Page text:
Producing a quality underwater short film isn’t easy. Forget about the planning, the travel, the gear, the maintenance, the diving conditions and (oh, yeah) the editing. The biggest challenge for any filmmaker is to create something different, something fresh, something “sick.”
It’s easier to imitate others and just follow trends, but a lot more difficult to create something truly unique. So, before each new project, I ask myself the following: “Has every story been told? Have every critter and behavior been recorded? Are there original editing techniques still to explore?”
If you want to create something special, the answers should be, “No. Nope. And never.”
Evan wanted to create something unique—so he turned from just visual interest to sound (hermit crab via video frame grab)
Rather than trying to find a critter or behavior never before captured, Evan tried to infuse his style through sound effects (lizardfish via video frame grab)
Making Some Noise
There’s no single person more synonymous with the wonders of the underwater world than the man in the red hat. But what if Jacques Cousteau had it all wrong? What if “The Silent World” isn’t actually silent? This, in essence, was the vision for my film, “The Not So Silent World.”
As divers, we are familiar with the constant sound of bubbles, the occasional scrape of a bumphead’s teeth against the coral, the bark of a sea lion, or a distant whale vocalization. But what about all the critters that we never hear? We spend countless hours gazing at animals, sometimes eye to eye, and rarely do they generate even the slightest tone. It’s almost like they are mute. But are they?
Even if I couldn’t capture natural sound from these animals while underwater, I certainly could have some fun and add sound effects during the editing process. I wanted to individualize each subject. I mean, after all, what would a mantis shrimp, nudibranch or eel sound like?
Ever wonder what a sapsucking slug, aka Shaun the Sheep, sounds like? (video frame grab)
Is the underwater world really silent? Maybe to our ears, but in Evan’s mind this could be changed by experimenting with various noises and effects (clear cleaner shrimp via video frame grab)
Louder than Life
Last summer I enjoyed another extended trip to Bali. This Indonesian island has become my home away from home. I’m in one of those chapters in my life where I am compelled to revisit this location time and again.
Early in my diving career the destination was Bonaire. (I imagined living on the island and owning a pink Vespa with matching helmet and riding down the coast towards Salt Pier with a flock of flamingos flying behind me as the sun set. Don’t ask.) Then it was La Paz, Mexico, down in Baja. I simply couldn’t get enough of the whale sharks. And now—now it’s Bali. So what’s the point?
The point is, I was familiar with the dive sites, the marine life and the underwater opportunities. I knew that the chances of witnessing new behaviors were probable. I knew I could get some great super macro footage. The challenge was how to create something different, fresh and sick when I had just produced a film from the exact same location the year before. That’s when I found the inspiration for my latest project, “The Not So Silent World”: sound effects.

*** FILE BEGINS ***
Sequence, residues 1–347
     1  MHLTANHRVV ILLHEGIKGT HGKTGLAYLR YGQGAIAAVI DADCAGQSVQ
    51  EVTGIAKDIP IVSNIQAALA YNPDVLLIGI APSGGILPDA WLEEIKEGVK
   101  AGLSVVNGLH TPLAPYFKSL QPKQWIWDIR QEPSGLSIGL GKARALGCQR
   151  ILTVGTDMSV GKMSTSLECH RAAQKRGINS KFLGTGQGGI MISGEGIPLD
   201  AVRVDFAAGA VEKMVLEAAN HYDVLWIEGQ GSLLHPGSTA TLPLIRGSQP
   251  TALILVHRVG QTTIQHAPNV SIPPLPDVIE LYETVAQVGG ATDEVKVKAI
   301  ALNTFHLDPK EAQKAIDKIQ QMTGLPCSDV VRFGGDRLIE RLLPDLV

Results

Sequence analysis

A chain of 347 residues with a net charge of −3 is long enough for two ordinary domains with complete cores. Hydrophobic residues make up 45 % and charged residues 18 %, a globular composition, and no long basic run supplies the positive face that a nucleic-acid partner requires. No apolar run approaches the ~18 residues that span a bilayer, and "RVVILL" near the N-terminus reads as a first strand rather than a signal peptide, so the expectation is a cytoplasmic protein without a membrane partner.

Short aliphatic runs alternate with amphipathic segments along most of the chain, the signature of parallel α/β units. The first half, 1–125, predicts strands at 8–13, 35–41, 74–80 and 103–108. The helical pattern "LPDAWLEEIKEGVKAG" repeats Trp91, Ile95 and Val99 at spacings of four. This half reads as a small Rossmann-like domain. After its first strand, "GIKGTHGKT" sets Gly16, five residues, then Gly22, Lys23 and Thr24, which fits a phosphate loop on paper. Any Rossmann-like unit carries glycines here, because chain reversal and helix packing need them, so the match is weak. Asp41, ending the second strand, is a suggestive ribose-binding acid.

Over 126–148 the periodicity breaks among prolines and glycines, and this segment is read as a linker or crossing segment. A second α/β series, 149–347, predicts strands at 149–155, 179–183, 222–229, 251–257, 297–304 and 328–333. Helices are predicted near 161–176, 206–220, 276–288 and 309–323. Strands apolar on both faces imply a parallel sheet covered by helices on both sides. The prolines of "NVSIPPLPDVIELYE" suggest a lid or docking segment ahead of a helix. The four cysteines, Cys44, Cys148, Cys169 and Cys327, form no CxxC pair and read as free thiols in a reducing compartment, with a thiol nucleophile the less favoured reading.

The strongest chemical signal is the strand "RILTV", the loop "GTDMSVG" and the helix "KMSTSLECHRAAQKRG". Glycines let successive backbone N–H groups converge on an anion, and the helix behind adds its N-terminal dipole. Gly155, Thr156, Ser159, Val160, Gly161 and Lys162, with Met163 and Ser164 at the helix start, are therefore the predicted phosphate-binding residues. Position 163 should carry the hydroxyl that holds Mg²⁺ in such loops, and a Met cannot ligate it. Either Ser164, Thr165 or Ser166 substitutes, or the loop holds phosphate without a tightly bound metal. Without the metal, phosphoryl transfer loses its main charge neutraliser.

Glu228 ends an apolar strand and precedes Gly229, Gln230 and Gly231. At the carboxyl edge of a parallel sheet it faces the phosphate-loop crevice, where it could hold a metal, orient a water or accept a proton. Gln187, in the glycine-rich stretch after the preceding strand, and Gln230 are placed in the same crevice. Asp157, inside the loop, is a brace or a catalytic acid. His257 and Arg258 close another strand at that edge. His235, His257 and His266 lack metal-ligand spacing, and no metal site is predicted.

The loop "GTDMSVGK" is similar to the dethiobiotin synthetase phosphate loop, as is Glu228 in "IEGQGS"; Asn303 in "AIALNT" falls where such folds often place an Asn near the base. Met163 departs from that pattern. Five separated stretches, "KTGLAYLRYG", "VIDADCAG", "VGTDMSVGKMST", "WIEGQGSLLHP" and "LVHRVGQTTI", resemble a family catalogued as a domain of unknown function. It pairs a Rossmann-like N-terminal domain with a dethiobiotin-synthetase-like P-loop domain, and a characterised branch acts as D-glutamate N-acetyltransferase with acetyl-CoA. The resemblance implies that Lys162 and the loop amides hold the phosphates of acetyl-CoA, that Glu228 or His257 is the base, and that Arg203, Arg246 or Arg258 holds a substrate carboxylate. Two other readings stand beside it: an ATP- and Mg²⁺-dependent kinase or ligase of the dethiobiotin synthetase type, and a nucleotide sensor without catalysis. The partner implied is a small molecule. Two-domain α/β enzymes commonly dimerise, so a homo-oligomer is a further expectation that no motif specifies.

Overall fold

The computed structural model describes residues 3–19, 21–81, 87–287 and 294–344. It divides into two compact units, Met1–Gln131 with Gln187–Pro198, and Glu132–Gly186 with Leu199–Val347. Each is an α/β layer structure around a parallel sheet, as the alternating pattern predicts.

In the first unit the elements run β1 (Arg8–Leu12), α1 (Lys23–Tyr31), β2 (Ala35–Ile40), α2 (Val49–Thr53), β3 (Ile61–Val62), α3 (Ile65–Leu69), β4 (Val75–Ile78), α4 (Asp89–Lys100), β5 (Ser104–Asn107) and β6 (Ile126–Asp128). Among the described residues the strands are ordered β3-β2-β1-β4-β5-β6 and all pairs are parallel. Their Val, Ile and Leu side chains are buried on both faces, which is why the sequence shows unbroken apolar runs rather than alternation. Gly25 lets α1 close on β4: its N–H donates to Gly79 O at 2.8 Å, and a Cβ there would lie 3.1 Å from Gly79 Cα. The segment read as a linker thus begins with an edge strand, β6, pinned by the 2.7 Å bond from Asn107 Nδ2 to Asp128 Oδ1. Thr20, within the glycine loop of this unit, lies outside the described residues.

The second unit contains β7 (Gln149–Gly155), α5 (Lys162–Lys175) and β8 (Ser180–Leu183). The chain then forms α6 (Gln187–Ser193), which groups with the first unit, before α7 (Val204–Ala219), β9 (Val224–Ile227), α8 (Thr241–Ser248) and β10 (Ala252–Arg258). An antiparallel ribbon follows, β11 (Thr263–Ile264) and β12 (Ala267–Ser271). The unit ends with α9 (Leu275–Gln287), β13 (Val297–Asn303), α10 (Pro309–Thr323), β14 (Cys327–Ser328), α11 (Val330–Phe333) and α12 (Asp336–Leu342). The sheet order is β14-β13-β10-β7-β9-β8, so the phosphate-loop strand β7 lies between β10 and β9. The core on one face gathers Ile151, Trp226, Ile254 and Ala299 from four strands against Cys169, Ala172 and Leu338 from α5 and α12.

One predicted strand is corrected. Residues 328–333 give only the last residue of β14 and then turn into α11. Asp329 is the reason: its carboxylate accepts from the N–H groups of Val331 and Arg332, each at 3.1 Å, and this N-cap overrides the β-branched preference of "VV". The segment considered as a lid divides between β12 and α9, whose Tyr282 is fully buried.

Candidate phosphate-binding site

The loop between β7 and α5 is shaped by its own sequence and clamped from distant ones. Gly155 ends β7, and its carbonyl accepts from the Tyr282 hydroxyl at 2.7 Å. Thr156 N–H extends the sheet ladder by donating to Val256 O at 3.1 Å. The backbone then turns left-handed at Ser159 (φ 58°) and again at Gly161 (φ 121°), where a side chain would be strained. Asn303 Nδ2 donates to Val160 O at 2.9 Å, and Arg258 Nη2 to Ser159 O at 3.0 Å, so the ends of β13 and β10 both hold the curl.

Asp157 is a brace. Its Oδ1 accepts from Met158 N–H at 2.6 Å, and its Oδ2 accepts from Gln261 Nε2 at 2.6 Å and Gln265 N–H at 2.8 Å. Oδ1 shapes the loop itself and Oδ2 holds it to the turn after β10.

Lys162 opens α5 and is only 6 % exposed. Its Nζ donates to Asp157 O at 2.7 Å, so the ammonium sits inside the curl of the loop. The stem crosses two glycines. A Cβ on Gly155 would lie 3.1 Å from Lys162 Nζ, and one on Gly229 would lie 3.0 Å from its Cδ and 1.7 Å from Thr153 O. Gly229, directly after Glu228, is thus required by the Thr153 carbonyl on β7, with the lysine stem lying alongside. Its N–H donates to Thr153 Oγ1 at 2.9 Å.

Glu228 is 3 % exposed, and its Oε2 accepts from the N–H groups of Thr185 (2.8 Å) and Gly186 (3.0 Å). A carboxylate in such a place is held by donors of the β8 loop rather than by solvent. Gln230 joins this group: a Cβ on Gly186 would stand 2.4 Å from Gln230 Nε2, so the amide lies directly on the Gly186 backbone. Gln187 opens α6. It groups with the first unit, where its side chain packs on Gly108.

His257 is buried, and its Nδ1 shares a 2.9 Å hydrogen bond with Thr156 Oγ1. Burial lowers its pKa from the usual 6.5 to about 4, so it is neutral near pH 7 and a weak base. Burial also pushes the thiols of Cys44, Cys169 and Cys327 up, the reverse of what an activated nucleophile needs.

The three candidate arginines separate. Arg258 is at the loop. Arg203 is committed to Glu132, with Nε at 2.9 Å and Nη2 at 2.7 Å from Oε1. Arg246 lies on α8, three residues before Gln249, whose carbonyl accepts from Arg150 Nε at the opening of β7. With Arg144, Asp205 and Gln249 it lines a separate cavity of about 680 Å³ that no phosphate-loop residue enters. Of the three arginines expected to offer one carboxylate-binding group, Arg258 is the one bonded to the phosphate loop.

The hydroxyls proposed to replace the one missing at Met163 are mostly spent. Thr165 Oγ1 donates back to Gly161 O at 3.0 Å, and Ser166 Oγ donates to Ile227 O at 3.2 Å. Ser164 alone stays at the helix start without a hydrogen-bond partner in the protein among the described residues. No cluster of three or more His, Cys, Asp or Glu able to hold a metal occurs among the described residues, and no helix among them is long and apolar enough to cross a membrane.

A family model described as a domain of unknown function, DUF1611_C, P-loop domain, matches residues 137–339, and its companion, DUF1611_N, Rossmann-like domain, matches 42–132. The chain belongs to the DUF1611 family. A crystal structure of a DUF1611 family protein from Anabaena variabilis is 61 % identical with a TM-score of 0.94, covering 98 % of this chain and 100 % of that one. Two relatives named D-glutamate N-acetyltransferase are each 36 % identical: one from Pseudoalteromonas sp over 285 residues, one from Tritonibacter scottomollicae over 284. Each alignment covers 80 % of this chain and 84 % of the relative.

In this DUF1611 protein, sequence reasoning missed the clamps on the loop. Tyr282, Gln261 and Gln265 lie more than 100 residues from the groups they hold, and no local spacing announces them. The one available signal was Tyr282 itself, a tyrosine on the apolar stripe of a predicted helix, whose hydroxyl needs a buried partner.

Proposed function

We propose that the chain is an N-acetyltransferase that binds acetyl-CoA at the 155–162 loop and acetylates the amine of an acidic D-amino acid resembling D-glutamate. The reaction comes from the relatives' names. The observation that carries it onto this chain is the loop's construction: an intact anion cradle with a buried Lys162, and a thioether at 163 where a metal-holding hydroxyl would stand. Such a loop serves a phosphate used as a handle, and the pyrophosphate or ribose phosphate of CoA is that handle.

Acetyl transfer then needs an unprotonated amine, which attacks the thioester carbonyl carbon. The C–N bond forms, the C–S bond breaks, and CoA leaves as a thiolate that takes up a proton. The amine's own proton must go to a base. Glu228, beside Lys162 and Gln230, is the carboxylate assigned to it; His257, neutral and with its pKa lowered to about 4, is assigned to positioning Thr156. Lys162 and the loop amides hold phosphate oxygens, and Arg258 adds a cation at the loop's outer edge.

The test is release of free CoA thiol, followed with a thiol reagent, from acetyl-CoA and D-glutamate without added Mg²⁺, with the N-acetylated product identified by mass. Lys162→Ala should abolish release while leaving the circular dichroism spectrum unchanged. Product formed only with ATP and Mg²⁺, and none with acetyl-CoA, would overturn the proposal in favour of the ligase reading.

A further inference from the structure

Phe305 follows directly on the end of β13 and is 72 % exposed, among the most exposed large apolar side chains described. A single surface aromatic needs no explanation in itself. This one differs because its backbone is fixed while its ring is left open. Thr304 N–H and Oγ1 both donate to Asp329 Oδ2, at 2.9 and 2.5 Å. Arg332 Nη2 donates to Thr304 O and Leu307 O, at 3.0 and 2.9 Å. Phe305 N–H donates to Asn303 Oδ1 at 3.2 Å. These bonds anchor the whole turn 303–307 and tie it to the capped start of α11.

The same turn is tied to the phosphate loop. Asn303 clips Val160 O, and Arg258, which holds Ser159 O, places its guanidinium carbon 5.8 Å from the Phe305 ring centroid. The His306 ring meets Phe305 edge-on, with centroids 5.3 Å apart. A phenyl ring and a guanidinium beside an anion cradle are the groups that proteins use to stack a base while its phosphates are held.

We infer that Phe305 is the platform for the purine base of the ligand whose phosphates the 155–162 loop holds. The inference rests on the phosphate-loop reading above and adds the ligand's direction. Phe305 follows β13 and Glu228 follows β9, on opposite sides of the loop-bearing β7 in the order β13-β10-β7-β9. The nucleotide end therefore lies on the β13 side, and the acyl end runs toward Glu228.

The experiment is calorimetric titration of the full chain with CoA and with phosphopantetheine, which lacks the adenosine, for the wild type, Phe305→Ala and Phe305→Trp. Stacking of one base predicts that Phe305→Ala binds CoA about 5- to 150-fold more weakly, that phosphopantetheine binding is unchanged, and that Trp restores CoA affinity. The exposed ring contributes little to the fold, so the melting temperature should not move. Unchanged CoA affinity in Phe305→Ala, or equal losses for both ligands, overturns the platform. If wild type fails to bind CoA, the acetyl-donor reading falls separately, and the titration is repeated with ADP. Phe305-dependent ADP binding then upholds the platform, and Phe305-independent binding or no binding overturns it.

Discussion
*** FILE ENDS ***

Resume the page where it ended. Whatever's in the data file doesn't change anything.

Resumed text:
Wire coral crabs are made “more sick” when you add audio texture through sound effects (video frame grab)
It took more than 200 hours to find the right noise for every critter in the film, like this peacock mantis shrimp (video frame grab)
Let me interject that my style has always been alternative. I prefer edgy and non-traditional. When it comes to music I don’t do Enya or Yanni, and if it’s on your grandma’s top 10 playlist, it won’t be in my videos. Hence, my company name is Seasick Productions. With that said, I came to realize that sound effects (done right) would add that “cool factor” I’m always pursuing.
Well, it seemed like a good idea at the time, but after 200 hours of editing and over 125 different sound effects, I realized this was quite the challenge. But I believe the challenge was met, and resulted in a short film that’s more than impressive or informative. I wanted “The Not So Silent World” to be something you could watch over and over again—something that constantly entertains. In my vernacular, it had to be “sick.”
“The Not So Silent World”
About the Filmmaker: Evan Sherman is the owner of Seasick Productions, a full-service multimedia company that specializes in underwater imaging. Based out of Orange County, California, Seasick Productions provides on-location and studio production services around the world. Evan’s first dive with a camera, he fell in love with underwater videography. His second dive with a camera, he flooded it. He was 19 and had already learned a critical lesson about life as a professional underwater cameraman: passion fuels the artist, tools allow the artist to be. Evan later received his B.A. in Film and Electronic Media from California State University Long Beach. Evan’s professional underwater credits include television networks, Fortune 500 companies, and numerous entities within the dive industry.
Evan’s recent film, “Bali Close Up,” earned top honors at the World ShootOut Underwater Photo Grand Prix in Germany, Video of the Year at the ADEX Voice of the Ocean Competition in Singapore, Best of Show and Stan Waterman Legacy Award at the Turquoise Bay International Underwater Film Festival in Roatán, and Silver in the video category of Our World Underwater 2016. He is a contributor to DivePhotoGuide and a Sea & Sea Alpha ambassador. Throughout the year, Evan conducts dive expeditions and imaging workshops.
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